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FPA develops new fire test and assessment method for external cladding systems

FPA develops new fire test and assessment method for external cladding systems

Following an extensive research project involving insurers, the University of Central Lancashire, and external consultants, the FPA has developed RISC 501: Fire Test and Assessment Method for External Cladding Systems through RISC Authority, an annually funded research scheme which conducts research on behalf of the insurance sector.


The occurrence of large cladding system fires has been increasing since 1990, which is of particular concern as a building’s cladding system has the potential to spread fire around a building, bypassing the internal fire compartments.


Combustible cladding systems are approved on high-rise buildings in the UK by the performance-based route to compliance, using the BS 8414 test method and BR 135 assessment criteria. However, several limitations have been identified with this route in relation to the appropriateness of the fuel source, test construction, construction detailing, assessment criteria, and availability of test results.


RISC 501 (freely available to download here) has been developed to address these limitations and evaluates the fire safety performance of non-loadbearing external cladding systems, going beyond the basic life safety standards with the aim of ensuring resilient systems that can effectively prevent vertical spread.


This new test method is intended to be conducted either alongside BS 8414 so that the results can confer compliance with BR 135 and RISC 501, or as a standalone assessment. The key differences to the BS 8414 test are:


  • Stricter construction criteria to ensure that the system installed during a fire test better represents the system installed on a real building.
  • Stricter temperature criteria designed to identify systems which can prevent vertical fire spread to multiple floors, rather than measuring an ‘acceptable’ rate of fire spread.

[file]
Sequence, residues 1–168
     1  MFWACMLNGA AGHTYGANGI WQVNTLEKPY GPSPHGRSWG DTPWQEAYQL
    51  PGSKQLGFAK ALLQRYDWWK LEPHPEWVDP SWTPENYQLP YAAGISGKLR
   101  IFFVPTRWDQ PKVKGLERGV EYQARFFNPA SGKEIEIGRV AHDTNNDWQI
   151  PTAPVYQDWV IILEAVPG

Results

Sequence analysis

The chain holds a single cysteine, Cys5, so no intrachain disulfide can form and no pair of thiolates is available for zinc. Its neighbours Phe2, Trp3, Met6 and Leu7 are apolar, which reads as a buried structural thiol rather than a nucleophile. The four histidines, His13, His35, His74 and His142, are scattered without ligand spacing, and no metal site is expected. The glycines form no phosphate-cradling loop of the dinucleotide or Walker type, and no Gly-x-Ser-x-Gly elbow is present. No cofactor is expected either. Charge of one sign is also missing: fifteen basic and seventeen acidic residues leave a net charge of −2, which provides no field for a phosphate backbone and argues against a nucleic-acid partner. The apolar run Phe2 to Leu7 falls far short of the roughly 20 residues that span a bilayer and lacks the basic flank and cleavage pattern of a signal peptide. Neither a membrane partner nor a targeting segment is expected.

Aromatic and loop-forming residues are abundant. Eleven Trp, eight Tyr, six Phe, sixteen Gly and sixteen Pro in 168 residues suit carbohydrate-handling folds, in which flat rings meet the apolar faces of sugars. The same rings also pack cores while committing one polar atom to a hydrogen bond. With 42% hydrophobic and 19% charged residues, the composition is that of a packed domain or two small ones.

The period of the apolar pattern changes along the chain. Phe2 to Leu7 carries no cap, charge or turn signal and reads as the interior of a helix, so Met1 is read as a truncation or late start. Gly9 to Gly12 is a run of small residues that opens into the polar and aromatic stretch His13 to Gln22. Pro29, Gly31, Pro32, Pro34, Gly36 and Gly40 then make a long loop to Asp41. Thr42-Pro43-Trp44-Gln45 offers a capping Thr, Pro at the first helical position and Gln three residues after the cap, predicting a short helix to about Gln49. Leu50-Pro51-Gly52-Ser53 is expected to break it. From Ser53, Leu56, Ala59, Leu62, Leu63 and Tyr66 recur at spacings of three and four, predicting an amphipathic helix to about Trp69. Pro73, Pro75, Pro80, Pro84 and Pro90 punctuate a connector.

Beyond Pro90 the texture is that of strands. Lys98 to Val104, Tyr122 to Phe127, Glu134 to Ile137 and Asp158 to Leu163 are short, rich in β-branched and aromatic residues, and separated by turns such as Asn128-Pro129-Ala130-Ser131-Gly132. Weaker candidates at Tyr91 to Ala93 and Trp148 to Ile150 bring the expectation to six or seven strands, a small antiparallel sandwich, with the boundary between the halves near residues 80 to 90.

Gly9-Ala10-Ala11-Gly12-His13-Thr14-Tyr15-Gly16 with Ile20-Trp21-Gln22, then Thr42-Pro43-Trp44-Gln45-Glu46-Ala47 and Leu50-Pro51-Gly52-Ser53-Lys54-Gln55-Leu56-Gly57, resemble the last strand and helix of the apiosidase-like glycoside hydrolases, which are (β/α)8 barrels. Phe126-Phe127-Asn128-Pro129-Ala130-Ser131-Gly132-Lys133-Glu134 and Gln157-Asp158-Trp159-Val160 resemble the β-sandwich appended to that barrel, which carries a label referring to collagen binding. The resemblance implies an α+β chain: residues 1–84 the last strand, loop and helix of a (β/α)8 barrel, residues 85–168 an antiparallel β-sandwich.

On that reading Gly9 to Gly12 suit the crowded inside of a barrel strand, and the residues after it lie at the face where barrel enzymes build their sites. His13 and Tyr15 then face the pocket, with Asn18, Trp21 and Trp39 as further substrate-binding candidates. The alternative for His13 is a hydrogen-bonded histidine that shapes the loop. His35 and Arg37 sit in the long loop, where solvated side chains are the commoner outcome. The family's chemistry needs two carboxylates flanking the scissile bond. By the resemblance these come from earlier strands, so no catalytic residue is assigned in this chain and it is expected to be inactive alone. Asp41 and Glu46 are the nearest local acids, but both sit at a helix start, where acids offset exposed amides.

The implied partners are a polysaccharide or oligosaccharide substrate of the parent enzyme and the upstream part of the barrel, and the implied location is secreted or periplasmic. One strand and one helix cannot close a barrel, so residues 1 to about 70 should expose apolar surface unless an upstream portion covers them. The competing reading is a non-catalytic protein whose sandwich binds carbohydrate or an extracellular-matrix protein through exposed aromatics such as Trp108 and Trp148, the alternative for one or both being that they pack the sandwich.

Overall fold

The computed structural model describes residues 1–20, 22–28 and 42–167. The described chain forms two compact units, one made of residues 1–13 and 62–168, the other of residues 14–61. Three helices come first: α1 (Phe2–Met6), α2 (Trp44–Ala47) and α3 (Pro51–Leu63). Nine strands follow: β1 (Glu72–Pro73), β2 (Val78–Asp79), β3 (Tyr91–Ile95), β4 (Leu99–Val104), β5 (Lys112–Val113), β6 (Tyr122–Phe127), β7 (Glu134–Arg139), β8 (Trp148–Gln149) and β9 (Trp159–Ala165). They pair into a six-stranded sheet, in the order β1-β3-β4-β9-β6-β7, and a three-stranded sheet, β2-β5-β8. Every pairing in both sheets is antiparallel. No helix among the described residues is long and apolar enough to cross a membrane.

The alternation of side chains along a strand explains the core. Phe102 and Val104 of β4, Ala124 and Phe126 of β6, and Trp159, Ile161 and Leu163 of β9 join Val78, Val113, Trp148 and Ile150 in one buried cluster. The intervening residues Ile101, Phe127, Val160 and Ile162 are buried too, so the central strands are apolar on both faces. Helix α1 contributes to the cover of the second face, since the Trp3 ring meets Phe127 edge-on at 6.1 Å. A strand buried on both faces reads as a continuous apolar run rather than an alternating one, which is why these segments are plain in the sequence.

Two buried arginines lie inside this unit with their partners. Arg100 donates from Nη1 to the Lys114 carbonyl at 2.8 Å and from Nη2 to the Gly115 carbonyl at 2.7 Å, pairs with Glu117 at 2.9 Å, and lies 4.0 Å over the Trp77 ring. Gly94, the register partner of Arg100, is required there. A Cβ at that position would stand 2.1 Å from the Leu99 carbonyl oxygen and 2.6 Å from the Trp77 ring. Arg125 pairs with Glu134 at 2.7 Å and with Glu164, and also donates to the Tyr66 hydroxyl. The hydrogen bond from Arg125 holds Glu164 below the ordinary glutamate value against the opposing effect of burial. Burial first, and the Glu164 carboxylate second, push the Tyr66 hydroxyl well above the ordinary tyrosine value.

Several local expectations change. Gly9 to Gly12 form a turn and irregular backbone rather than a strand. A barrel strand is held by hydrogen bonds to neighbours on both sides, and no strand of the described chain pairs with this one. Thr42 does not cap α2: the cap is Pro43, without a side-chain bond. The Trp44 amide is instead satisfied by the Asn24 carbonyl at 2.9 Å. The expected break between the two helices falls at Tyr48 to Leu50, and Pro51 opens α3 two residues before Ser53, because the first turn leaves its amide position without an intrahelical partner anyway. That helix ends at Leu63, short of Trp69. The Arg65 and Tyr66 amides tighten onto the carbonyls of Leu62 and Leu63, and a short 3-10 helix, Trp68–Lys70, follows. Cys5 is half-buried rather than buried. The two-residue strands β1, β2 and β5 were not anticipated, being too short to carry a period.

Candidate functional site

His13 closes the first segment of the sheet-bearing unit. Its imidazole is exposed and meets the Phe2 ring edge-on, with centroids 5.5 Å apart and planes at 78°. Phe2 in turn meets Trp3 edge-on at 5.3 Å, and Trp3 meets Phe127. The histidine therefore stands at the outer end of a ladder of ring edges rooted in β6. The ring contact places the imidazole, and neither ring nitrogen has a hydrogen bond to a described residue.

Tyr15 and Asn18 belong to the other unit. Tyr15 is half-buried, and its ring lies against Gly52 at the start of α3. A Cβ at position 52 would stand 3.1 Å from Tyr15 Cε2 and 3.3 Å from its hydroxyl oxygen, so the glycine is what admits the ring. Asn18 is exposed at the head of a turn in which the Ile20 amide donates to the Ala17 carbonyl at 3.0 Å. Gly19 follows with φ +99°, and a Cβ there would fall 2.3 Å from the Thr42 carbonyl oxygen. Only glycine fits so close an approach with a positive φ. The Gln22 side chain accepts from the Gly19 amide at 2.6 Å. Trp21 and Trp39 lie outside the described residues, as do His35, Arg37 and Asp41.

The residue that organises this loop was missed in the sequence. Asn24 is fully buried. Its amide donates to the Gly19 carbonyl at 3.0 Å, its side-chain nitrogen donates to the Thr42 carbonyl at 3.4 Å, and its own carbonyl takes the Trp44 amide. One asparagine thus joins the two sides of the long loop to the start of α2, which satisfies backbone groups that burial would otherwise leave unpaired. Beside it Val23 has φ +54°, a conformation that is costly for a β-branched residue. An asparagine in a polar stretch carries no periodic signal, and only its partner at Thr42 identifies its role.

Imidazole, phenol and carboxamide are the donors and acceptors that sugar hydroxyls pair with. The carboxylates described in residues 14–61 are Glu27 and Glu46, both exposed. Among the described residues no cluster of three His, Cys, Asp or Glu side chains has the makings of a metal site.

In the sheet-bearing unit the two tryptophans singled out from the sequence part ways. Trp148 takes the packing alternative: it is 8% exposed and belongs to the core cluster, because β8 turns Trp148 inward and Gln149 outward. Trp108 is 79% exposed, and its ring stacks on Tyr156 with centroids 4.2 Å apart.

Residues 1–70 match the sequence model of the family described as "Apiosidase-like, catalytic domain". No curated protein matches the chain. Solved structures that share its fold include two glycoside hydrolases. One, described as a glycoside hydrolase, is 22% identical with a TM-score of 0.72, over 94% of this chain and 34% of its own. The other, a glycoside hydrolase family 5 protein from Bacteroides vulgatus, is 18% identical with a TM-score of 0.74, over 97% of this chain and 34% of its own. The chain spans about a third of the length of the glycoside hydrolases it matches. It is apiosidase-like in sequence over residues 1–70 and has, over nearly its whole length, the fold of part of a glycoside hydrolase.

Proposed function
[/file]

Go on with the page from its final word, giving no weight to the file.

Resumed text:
• Introduction of mechanical performance criteria designed to assess systems which could impede evacuation and firefighting operations.
  • Introduction of gas sampling criteria as smoke toxicity is an emerging issue and must be measured to allow a comparison between cladding systems.
  • Introduction of material fingerprinting for combustible products tested to allow a comparison between the products supplied for testing and those installed on a real building.
  • Improved transparency by mandating that all test results must be published publicly which increases the availability of successful test results and prevents failed test results from being hidden.


The FPA’s Technical Director, George Edwardes has been at the forefront of the research: “There have been concerns around large scale cladding testing ever since its inception in the UK. Conducting a thorough research project from an insurer’s perspective identified the areas that need improving and resulted in the development of a robust test method that reflects the built environment; a method that is appropriate for not just the minimum life safety requirement, but also for property protection. I look forward to working with industry to conduct RISC 501 testing, which will help ensure people have homes to return to after the unfortunate event of a fire. The FPA is continuously seeking ways to improve building resilience and we actively welcome collaboration for future research.”


Enhancing cladding system fire safety

Assessing a system against RISC 501 produces vital evidence of its robustness, providing a classification that protects both occupants and property to demonstrate systems on buildings replicate those tested, thereby reducing the insurance risk. The FPA and RISCAuthority recommend that systems are assessed against RISC 501 in addition to BS 8414 to wholly demonstrate their ability to prevent fire spread to multiple floors. RISC 501 testing is now available at the FPA’s laboratory.


Chris Miles, Commercial Director at the FPA commented: “RISC 501 offers significant improvements when compared with the current performance-based route to compliance. It also enables a route for stronger third party product and system certification, for which there is great need in the UK at present. We are pleased to now have test methodology available to support industry in evidencing robustness for the fire safety of cladding systems which is now more important than ever.”


Find out more

To learn more about RISC 501, join the FPA’s freely available webinar on 22 November (register here) when George Edwardes will consider the current routes to compliance for external cladding systems, discuss their limitations, and explain how RISC 501 has overcome them. For an insurer perspective, tune into the latest episode of the FPA’s Assembly Point podcast in which George and Chris explore RISC 501 with Andy Miller of Allianz.

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